Maury, natural sweet wines
Known for its natural sweet wines from Roussillon, Maury is both one of the oldest wine appellations in Roussillon and the smallest. Cash Tautavel among its four municipalities, it asserts itself as a land inhabited since prehistoric times. Seat of a Roman villa during Antiquity, it is named Amauriola hence its name. Witnesses to the much later medieval period, the towers of the Château de Quéribus dominate the slopes of the vineyard on the horizon. The gray limestone massif on which the building sits announces the border with the Corbières. The clarity of the relief which cuts the valley floor contrasts with the first hillsides carved in the schists. The configuration of this terroir which encloses the narrow bed of the river in a corridor pushes the winds to strengthen. The vines develop there in harsh conditions, swept by the tramontana and bathed in the sun. On this land dominated by red grape varieties, Grenaches are king. Well adapted to the climate, they rub shoulders with Carignan, Syrah and Macabeu. We also raise Maury white from Grenaches gris and blanc, Muscat d'Alexandrie and Muscat à petits grains. The vines, subject to the requirements of the terroir, are small and produce concentrated grapes. The natural sweet wines of Maury, whose profile might remind some Ports, are available like Rivesaltes in versions Garnet, Tile et Amber. The mention the reference " Out of Age »Occurs when the breeding time reaches the 5e year.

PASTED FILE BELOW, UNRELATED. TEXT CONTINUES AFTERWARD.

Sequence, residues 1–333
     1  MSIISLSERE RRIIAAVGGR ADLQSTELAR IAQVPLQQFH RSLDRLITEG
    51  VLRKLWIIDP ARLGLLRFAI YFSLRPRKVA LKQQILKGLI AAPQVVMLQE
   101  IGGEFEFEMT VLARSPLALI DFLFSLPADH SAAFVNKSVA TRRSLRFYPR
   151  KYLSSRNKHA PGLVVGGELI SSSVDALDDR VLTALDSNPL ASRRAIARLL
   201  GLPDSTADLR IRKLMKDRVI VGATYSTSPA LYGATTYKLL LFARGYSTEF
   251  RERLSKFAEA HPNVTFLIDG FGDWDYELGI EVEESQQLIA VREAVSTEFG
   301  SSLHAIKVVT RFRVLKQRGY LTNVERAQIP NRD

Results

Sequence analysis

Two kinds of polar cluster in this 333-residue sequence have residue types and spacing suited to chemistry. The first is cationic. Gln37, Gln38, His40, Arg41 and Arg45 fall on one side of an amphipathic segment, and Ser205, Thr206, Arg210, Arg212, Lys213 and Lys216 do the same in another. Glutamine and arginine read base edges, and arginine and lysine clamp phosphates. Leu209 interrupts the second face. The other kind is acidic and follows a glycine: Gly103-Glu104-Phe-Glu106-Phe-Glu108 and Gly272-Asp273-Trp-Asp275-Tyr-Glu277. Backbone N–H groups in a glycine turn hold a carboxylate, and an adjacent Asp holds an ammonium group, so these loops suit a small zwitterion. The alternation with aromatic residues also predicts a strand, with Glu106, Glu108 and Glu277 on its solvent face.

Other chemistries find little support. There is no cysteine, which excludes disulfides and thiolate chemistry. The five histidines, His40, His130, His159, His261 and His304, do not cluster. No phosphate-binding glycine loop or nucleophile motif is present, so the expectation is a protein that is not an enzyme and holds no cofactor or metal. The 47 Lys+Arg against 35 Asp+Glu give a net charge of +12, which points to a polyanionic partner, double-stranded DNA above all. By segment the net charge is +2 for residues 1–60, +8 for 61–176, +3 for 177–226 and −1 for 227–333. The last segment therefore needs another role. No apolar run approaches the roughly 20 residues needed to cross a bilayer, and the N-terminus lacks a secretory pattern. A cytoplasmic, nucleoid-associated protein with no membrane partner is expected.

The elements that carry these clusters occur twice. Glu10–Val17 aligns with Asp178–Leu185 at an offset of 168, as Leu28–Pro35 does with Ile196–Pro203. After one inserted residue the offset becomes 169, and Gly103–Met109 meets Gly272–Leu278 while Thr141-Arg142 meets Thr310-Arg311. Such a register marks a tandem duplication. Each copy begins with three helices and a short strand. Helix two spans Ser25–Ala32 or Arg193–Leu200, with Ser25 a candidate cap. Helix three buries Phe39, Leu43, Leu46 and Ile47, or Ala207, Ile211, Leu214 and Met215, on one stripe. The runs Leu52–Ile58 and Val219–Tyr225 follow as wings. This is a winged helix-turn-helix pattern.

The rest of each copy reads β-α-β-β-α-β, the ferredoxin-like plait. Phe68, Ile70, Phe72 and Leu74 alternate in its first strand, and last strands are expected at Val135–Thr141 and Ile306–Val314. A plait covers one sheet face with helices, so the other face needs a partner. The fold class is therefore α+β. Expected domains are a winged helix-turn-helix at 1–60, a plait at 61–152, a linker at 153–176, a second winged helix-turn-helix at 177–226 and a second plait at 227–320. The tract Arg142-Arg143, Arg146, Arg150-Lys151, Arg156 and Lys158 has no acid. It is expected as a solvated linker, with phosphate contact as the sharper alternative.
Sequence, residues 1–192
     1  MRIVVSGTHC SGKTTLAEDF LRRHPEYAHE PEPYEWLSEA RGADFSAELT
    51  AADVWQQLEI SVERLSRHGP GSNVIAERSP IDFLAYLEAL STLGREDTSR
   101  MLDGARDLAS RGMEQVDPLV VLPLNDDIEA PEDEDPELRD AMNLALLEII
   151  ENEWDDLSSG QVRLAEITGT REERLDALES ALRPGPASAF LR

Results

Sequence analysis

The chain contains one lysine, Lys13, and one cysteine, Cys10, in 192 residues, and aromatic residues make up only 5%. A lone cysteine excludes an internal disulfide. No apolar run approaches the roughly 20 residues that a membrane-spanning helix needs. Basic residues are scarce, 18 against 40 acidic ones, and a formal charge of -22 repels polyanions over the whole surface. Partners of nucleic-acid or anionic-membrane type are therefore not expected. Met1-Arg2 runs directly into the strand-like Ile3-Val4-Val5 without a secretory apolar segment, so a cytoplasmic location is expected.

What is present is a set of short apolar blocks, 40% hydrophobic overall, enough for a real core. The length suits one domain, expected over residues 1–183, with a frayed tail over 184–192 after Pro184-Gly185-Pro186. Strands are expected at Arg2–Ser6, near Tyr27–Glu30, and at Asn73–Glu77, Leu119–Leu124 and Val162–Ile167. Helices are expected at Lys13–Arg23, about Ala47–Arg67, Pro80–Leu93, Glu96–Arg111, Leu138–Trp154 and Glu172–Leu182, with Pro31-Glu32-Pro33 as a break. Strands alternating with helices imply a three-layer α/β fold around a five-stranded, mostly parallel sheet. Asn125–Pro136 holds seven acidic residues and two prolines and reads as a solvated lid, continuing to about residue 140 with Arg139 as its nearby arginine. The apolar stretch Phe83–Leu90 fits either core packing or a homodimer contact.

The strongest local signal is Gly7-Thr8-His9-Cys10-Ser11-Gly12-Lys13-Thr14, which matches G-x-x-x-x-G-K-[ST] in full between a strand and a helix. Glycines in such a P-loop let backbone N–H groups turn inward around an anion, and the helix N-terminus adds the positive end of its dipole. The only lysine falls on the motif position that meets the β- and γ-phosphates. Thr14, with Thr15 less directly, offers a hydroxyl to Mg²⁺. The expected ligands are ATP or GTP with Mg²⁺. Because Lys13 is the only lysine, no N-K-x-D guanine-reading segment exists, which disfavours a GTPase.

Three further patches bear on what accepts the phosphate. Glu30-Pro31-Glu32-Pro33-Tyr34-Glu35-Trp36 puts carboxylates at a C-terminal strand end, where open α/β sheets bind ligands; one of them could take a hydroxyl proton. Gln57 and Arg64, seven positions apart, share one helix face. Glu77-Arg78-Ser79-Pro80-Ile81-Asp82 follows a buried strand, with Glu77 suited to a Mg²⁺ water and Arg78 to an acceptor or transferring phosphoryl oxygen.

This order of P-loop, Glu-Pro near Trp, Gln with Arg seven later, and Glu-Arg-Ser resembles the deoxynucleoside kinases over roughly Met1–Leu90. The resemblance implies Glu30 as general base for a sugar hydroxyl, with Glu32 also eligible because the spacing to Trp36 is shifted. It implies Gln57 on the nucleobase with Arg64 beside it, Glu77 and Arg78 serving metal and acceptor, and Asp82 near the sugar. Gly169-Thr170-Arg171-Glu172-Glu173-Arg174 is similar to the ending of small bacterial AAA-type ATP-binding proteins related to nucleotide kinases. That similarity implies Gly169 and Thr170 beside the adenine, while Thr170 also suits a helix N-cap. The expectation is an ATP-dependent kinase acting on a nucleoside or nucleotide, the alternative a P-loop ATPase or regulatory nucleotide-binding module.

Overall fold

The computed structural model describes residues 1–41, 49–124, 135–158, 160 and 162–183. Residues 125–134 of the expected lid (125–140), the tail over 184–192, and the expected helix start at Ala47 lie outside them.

Maury, still wines
Having entered the appellation since 2012, the Maury red wines highlight the Grenache noir which is essential in the majority presence in the blends. A second grape variety at least accompanies it, selected from Carignan, Syrah or Mourvèdre or even Lledoner Pelut in small part. Aging of at least 6 months is required. Once bottled, the words " Dry Maury »Is required on the label to distinguish red wines from natural sweet wines produced under the same appellation. Ambassadors of the terroir's solar and mineral power, they reveal a dense color where the aromatic complexes harmonize with the tannic structure.